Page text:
Partner Alex Conant Writes on How to Un-Break the Presidential Primary in the Washington Post

March 2, 2020

How to un-break the primaries

Hold more debates — and more kinds of them

It may be hard to believe — does it feel as if we haven’t had a chance to see the candidates square off against each other? — but the biggest change in presidential primaries over the past decade is the dramatic reduction in the number of debates.

In 2008, the Democratic candidates debated 26 times, while Republicans faced off 21 times. In 2012, Republicans debated 20 times. But in 2016, the candidates debated roughly half as often, and the Democrats are on a similar pace this cycle.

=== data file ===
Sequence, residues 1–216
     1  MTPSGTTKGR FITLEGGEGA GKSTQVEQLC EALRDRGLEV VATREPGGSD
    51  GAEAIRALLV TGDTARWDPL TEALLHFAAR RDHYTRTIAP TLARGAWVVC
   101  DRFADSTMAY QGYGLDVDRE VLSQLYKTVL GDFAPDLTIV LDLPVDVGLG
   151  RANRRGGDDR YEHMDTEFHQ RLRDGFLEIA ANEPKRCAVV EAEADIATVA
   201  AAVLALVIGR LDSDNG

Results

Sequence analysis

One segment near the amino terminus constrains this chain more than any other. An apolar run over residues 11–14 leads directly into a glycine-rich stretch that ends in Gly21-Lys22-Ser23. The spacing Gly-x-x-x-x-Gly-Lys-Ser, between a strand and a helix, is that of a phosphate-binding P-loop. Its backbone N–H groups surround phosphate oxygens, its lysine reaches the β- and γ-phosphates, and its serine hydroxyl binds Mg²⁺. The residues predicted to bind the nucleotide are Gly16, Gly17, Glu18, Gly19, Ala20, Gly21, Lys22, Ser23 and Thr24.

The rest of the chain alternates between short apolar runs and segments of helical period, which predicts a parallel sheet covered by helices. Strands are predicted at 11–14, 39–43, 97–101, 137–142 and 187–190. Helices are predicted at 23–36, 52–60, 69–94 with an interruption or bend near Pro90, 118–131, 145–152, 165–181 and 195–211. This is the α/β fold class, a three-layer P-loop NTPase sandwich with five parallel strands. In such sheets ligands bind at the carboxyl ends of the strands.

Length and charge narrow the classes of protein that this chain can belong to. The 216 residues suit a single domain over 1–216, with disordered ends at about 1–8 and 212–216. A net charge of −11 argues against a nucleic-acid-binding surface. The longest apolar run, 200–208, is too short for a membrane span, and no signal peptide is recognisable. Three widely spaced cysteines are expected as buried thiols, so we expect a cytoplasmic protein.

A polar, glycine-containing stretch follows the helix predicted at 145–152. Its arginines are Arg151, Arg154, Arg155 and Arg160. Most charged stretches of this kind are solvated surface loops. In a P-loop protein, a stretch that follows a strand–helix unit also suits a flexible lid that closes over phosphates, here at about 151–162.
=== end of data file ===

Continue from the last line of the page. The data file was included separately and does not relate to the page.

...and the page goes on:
The reduction started after Mitt Romney’s 2012 loss to Barack Obama. The Republican National Committee’s post-election autopsy called the number of debates “ridiculous” because “they’re taking candidates away from other important campaign activities” — namely, fundraising to pay for TV ads.

In an attempt to protect future front-runners, the RNC sanctioned a limited number of debates in 2016 — a move establishment Democrats supporting Hillary Clinton were happy to follow. The problem is that voters often make decisions based on what they see of the candidates in authentic, unscripted moments; that’s why campaigns value earned media so much more than paid media, and why the debates are do-or-die events. That voters feel they get something out of the debates is clear, given that their ratings can reach NFL levels: 19.7 million people watched the Democrats’ Las Vegas faceoff.

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